Multiple lower courts have tried to apply the Court’s teaching from Aspen Skiing and Trinko.  Perhaps the leading case is the Tenth Circuit’s opinion in Novell, Inc. v. Microsoft Corp., authored by then-Judge Gorsuch.15  Like in Trinko, the court emphasized that plaintiffs must show the defendant terminated a pre-existing voluntary course of dealing and that such a decision suggested “a willingness to forego short-term profits to achieve an anti-competitive end.”16  The Tenth Circuit noted, however, that a monopolist might “forego short-term profits” for a pro-competitive end; therefore, the plaintiff also needed to show that this particular decision was part of a larger anticompetitive scheme, such as driving out or disciplining a rival.  “Put simply, the monopolist’s conduct must be irrational but for its anticompetitive effect.”17

Two even more recent cases have granted or affirmed motions to dismiss where the plaintiff failed to properly allege that the monopolist’s refusal to deal was “irrational but for an anticompetitive purpose.”18  In both cases, however, a pre-existing voluntary course of dealing was also absent.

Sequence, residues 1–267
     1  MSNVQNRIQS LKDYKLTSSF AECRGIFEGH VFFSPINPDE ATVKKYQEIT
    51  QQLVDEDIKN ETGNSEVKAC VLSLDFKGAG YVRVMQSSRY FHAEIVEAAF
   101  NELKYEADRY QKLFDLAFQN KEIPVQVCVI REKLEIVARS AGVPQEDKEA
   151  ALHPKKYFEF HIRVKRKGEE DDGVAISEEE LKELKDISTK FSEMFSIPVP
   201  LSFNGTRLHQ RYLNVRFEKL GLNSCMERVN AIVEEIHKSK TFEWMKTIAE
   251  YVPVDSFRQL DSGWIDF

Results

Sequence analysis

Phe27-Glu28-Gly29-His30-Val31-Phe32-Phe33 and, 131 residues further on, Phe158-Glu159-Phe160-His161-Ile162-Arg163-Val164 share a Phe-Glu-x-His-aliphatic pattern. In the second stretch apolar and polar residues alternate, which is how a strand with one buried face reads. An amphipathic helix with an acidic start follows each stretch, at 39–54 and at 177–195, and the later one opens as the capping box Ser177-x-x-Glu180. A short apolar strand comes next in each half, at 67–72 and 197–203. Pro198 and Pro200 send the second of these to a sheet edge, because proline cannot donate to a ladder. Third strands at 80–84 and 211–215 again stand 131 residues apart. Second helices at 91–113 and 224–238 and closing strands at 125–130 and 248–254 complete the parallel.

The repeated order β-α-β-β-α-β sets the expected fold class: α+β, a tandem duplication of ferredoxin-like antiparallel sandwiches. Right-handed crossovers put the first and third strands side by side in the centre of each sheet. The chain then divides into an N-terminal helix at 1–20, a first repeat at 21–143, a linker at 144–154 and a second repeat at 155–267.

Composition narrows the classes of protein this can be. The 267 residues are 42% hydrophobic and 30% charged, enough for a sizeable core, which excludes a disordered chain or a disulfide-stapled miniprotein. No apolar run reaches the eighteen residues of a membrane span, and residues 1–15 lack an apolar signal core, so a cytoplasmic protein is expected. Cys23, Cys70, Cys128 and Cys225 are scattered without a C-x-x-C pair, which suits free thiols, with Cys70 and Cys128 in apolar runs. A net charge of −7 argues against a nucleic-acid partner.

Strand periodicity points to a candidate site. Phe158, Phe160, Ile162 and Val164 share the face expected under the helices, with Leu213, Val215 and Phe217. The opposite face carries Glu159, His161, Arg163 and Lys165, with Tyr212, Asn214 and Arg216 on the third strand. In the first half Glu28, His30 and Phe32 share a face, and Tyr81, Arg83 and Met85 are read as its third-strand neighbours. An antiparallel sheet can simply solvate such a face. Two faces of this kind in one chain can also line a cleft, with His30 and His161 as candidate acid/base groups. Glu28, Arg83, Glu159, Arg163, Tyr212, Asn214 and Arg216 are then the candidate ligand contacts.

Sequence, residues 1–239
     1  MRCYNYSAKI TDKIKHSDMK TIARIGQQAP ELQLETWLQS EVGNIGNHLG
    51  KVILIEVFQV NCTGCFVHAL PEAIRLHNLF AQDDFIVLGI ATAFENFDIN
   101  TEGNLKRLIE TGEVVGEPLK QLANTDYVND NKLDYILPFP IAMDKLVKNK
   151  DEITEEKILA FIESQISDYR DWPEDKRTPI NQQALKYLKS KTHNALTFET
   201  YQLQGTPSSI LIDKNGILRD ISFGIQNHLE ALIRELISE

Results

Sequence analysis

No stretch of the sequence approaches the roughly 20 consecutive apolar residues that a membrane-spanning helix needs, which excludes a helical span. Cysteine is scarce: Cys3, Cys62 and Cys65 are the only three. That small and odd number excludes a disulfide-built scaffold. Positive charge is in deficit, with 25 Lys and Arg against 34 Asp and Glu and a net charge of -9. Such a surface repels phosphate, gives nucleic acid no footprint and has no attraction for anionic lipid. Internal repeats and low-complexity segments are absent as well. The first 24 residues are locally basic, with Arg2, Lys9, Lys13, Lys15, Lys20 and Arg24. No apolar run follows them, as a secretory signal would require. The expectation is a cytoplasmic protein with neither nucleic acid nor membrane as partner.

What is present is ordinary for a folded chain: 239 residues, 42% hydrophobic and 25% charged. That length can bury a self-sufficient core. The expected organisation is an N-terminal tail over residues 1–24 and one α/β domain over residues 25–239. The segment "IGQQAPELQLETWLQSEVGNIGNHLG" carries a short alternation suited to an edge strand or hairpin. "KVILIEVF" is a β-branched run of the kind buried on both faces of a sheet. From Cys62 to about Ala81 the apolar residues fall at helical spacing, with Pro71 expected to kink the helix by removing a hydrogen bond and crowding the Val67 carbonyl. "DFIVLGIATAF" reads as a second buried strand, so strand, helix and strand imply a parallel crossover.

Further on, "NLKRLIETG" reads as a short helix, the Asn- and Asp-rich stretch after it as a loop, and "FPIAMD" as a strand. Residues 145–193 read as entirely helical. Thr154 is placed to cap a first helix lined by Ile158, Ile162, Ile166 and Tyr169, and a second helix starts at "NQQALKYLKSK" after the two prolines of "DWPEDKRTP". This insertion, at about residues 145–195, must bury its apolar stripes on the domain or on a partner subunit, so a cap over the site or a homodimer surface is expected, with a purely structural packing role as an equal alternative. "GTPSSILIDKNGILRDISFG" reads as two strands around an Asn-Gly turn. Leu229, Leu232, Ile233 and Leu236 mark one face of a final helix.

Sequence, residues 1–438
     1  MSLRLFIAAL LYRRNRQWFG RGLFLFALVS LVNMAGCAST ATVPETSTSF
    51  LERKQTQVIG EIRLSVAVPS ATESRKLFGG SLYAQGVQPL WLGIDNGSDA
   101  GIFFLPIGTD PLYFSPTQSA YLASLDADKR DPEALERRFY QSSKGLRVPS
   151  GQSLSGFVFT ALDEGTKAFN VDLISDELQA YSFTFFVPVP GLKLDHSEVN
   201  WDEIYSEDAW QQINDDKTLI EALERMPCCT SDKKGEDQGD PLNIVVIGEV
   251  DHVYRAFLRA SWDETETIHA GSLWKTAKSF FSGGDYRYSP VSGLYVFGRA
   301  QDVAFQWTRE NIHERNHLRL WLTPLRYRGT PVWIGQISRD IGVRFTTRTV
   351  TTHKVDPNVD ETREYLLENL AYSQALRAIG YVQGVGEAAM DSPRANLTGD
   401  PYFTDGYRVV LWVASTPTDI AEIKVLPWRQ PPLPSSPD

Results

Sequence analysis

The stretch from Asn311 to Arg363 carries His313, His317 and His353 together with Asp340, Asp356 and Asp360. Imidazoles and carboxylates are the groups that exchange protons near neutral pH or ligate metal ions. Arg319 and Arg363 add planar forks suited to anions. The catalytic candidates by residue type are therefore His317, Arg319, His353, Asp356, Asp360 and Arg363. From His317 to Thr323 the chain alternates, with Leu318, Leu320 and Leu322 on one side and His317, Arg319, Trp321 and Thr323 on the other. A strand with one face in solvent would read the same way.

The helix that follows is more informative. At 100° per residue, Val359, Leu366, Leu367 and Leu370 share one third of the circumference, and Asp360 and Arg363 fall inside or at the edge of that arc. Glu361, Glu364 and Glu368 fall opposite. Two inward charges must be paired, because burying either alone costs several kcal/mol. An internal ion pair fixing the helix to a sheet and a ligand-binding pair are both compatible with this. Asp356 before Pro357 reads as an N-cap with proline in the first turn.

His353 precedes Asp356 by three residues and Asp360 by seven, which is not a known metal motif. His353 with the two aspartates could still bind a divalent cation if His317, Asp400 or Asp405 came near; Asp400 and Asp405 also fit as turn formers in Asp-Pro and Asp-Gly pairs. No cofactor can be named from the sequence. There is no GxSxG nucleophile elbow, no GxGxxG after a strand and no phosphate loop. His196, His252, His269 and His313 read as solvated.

District Court Opinion

In dismissing Viamedia’s refusal-to-deal claim, the district court acknowledged that Comcast had terminated a voluntary course of dealing when it did not renew the interconnect agreement; however, the court found that Viamedia did not allege that Comcast had forsaken “short-term profits to achieve an anticompetitive end.”19  The court followed the Tenth Circuit’s Novell opinion in finding that Viamedia needed to allege that Comcast’s actions were “irrational but for its anticompetitive effect” or “serve no rational procompetitive purpose.”20  The court found that Comcast replacing Viamedia as an intermediary between it and the cable companies reduced Comcast’s short-run revenues from interconnect fees but offered “potentially improved efficiency” for ad placement in the long run.21  As a result, the allegations did not meet the court’s view of Aspen Skiing’s limited exception to the general rule and so must be dismissed.

Seventh Circuit Opinions